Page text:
If you think about it, the Martin House is quite possibly synonymous with Buffalo's rebirth. At least in the eyes of national media. Every time this city gets any sort of national press, it's usually somehow related to progress at the Martin House. Whether it's the new Toshiko Mori designed visitors' center or another stained glass element being restored, or work on the Gardener's Cottage, or the completion of the impressive pergola... it seems as if the timeline of Buffalo's turnaround is mirrored by that of the progress of this symbolic complex. Not to say that when the Martin House is fully restored, Buffalo will be fully recovered... it's almost as if national media looks to that project more than any other as a litmus test to see if the city will indeed pull off a recovery that many thought would never happen. The Martin House narrowly escaped the wrecking ball and is making a remarkable recovery, albeit not as fast as some people would like, but the ongoing investment has managed to capture the imagination of people from around the world. Sounds a bit like Buffalo these days.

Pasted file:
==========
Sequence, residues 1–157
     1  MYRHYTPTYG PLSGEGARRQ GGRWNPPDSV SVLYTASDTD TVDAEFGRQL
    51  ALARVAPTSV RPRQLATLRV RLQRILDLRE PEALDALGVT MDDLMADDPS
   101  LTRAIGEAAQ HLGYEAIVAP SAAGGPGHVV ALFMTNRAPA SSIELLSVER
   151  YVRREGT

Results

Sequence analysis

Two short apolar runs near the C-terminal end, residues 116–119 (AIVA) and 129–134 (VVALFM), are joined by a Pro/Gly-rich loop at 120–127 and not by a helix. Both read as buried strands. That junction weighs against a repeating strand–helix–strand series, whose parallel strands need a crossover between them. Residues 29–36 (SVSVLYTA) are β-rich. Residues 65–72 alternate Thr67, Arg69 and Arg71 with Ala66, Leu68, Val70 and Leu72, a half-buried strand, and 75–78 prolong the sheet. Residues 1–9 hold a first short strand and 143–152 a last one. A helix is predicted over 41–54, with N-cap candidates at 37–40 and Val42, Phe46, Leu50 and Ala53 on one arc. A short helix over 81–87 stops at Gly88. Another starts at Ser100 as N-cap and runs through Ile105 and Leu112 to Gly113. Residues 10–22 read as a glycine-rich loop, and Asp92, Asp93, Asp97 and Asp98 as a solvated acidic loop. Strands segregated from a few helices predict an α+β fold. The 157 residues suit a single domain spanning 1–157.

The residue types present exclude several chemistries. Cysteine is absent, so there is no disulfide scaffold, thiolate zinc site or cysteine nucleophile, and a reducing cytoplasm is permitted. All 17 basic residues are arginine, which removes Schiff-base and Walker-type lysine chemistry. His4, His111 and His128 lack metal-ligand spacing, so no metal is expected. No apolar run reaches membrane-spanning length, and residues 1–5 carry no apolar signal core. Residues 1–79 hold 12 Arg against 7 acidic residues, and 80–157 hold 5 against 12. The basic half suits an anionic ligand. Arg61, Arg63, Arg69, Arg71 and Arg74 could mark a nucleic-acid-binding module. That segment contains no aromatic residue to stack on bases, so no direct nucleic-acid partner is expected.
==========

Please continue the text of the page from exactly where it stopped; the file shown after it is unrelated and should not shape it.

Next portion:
Bloomberg has just published a nice article on Buffalo, the FLW houses, and the city's rebirth. It's a great read, and will hopefully be fueled by the social media networks. An excerpt from Bloomberg : "Rescued Wright House for Soap King Crowns Buffalo Rebirth"...
I first visited the Martin house nearly 20 years ago, when it was beginning its facelift. News that the work was finally nearing completion and that the house had opened to the public brought me back to Buffalo, which is also dusting itself off after a few sad decades.
"You get a sense of a city on the move," I was told by native son A. R. Gurney, author of "The Dining Room" and other celebrated plays. "For young people there is a lot of life, lots of little theaters all over town are doing exciting work now."
This was a prosperous port city at the turn of the 19th century, a commercial gateway between the East Coast and the Midwest.
Central Park visionary Frederick Law Olmsted designed gracefully landscaped parks, boulevards and circles. Street lighting came early to the city with enterprising use of hydro- electric power courtesy of Niagara Falls.
Now Buffalo is getting a cultural recharge.